Teacher Tech Tip: Hosting Successful Zoom Classes

Teacher Tech Tip: Hosting Successful Zoom Classes

Education / by Russel John

Since the sudden advent of physical distancing, Zoom has quickly become one of the most popular web conferencing platforms among teachers in Grenada. While there are several other tools for hosting live sessions, Zoom’s popularity has made it a part of almost everyone’s online teaching tool-kit. Expect tools like Zoom to become even more popular as teachers prepare for the July CSEC and CAPE exams. Whether you are completing the required syllabus or hosting revision sessions, here are some recommendations for making your next Zoom class successful.

Before Classes

As with all things, there’s some prep work that you will want to get out of the way beforehand. If you are completely new to Zoom, you will need to sign up for an account before you get started. From there, carefully consider the device you will use to host your session. This largely depends on your objectives for the session. While Zoom has a mobile app that works really well, I recommend using a computer if you have one. There are some features like breakouts rooms and automatic recording (free version) that can’t be managed on a phone.

With your account set up and your device ready, feel free to run a test class by yourself or with someone you know. You may even consider inviting a couple of students from your class. It gives your students a chance to help out, which they love to do, and you a chance to tinker around while reconnecting with them. Play around with options like share screen, recording and whiteboard so that you get the hang of these functions before your class.

If you are already versed in zoom functionalities, then take the time to prepare the other tools you’ll need for class. Open up PowerPoint presentation slides, and other documents that you’ll need to refer to during the lesson. Pre-Load any web-pages or videos that you plan to display and close any other additional browser tabs that you won’t need for class. The added bandwidth will improve the quality of your connection and you’ll avoid any possibly embarrassing moments while sharing your screen.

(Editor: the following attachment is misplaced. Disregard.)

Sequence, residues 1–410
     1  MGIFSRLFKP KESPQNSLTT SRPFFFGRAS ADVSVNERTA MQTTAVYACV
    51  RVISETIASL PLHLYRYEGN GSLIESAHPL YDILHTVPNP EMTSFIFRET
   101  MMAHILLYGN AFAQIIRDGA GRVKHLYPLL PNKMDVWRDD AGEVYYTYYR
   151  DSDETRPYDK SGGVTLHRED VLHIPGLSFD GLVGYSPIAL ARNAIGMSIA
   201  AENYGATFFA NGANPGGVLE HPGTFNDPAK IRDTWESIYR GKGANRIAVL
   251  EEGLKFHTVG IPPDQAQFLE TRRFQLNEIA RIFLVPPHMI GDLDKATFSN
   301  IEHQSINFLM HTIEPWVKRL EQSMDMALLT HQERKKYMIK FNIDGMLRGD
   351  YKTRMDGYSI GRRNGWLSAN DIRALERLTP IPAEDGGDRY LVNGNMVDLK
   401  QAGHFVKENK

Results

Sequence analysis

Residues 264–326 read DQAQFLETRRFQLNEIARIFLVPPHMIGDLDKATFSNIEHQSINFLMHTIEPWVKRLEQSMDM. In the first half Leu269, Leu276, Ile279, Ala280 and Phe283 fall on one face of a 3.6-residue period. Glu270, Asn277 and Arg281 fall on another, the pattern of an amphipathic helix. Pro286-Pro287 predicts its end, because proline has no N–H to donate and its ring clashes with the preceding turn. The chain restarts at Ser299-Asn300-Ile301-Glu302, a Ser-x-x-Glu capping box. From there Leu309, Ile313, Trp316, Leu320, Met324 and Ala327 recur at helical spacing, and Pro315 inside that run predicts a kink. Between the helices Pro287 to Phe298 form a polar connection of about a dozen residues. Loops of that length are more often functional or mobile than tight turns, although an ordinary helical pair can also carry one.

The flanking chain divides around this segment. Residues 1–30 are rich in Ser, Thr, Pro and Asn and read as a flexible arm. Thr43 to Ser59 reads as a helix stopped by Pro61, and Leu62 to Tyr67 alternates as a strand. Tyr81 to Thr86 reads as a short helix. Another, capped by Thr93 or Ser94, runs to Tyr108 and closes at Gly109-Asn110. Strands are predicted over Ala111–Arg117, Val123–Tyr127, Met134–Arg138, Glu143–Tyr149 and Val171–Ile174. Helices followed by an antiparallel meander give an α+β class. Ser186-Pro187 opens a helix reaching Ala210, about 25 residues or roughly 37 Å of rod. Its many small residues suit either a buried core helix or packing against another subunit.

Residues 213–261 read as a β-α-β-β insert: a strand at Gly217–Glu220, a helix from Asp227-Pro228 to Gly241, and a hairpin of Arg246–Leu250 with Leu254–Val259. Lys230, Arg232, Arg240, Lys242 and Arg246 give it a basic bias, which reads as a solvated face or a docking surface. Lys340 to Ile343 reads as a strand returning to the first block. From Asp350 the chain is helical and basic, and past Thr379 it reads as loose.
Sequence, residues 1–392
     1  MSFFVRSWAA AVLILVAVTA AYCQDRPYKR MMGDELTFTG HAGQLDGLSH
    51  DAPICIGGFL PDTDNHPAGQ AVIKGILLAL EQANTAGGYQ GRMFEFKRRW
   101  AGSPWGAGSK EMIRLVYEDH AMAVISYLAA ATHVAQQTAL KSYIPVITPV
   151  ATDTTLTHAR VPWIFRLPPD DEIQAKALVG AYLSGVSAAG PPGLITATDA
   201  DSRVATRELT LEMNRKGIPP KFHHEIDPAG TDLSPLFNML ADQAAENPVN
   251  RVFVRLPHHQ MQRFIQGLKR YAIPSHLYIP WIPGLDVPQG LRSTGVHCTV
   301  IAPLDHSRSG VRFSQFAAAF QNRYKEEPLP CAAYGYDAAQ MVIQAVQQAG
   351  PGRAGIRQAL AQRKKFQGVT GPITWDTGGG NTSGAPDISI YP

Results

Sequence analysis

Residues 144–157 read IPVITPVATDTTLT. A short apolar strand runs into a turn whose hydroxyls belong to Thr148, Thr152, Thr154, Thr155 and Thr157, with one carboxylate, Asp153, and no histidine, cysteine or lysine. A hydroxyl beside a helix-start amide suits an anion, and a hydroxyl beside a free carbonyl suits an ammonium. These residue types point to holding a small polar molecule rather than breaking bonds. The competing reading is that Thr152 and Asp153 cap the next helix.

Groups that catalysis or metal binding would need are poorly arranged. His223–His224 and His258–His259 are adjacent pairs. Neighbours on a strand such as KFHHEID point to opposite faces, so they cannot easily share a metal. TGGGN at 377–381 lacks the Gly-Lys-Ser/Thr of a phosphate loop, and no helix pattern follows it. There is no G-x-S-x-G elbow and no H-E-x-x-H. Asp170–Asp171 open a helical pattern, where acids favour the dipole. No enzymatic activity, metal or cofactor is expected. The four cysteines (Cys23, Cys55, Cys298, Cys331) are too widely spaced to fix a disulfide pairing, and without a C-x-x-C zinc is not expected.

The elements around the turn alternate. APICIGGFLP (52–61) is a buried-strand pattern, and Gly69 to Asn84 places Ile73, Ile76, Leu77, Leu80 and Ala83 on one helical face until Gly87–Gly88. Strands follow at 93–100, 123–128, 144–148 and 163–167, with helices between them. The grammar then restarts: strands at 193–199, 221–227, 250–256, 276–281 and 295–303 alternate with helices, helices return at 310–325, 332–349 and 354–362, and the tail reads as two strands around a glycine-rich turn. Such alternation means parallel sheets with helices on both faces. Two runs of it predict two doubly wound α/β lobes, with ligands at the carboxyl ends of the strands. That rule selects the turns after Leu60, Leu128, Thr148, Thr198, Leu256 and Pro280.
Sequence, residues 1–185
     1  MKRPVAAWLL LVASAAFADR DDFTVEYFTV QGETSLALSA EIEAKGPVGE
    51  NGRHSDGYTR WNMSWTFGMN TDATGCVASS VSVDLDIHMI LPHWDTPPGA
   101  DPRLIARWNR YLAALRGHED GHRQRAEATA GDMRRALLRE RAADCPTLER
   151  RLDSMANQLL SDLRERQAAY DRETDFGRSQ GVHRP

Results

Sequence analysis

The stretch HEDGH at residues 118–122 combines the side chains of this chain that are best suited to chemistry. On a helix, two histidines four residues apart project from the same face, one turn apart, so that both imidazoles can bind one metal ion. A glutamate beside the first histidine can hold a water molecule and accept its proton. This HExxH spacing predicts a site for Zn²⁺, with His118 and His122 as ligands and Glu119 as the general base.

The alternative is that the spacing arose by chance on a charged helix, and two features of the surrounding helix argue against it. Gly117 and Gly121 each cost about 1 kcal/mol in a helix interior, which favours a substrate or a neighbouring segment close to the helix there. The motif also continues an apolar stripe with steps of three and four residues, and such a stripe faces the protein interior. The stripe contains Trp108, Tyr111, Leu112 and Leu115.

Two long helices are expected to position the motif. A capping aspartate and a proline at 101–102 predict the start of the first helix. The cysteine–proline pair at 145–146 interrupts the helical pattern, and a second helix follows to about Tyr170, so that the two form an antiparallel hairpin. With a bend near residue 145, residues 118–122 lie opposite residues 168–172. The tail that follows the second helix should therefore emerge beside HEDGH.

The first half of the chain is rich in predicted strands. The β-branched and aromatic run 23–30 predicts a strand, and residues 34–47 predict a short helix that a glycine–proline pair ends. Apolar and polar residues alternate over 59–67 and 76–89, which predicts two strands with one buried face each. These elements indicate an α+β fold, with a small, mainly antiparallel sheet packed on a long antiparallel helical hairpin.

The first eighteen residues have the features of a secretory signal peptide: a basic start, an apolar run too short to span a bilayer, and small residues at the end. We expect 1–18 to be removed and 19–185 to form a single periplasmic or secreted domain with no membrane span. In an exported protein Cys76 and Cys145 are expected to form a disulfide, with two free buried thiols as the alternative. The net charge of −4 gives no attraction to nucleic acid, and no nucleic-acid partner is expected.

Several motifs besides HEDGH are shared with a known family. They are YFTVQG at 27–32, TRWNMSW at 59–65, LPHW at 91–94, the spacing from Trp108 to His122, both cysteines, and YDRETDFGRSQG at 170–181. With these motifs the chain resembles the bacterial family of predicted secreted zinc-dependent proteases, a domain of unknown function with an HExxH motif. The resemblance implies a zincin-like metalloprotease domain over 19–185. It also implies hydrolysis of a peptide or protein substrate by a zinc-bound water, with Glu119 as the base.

As a final point if you plan to use screen share during class, consider the font size of the content you plan to share. Remember that some students will be connecting via their phones and small fonts are really hard to read on cell phone screens. Size 30 font is usually recommended for text and presentations and if you are sharing web pages zoom in to about 125 -150%.


  • Plan for your live sessions (think through the flow of class just as you would for face-face instruction)
  • Allot time for engagement every 10 or so minutes (have them type responses in the chat, or share audibly etc)
  • Plan your evaluation activity (this may be done during the session or as a post-class activity)


  • Lecture for a full 40 minutes (as much as is possible) There are far more distractions at home and it’s far easier for students to tune out

Scheduling Classes

Teaching is a highly personal experience. You give of yourself when you teach and your students learn as much of you as they do the content you teach. This means that real-time interaction is a necessity, especially among young learners. The familiarity of your voice and face can put students at ease and in some cases make them more willing to learn. That being said, I do not recommend hosting a live session every time you have a scheduled class. As a region, we still grapple with issues such as access to technology, reliability of the connection and a lack of tech-savvy amongst a large section of the population. When you pair those with the inequities that exist from household to household, it’s easy to conclude that varying your mode of instruction is in the best order.

If your school or Ministry of Education has already provided guidelines on teaching hours then you can take the time to schedule zoom sessions for each class that you will have. My recommendation, at least one session with each class every other week. You may also consider one on one or small group appointments with students during your allotted time slot, to replicate that personalized attention and assistance that we know, some specific students will need.


  • Inform students ahead of time (preferably 1 - 3 days)
  • Copy your invitation to parents as well (for added supervision where possible)
  • Outline guidelines ahead of class (Pants are not optional)
  • Send a reminder just before the start of a scheduled class
  • Preset functions like “waiting room, mute mics on entry & automatically record class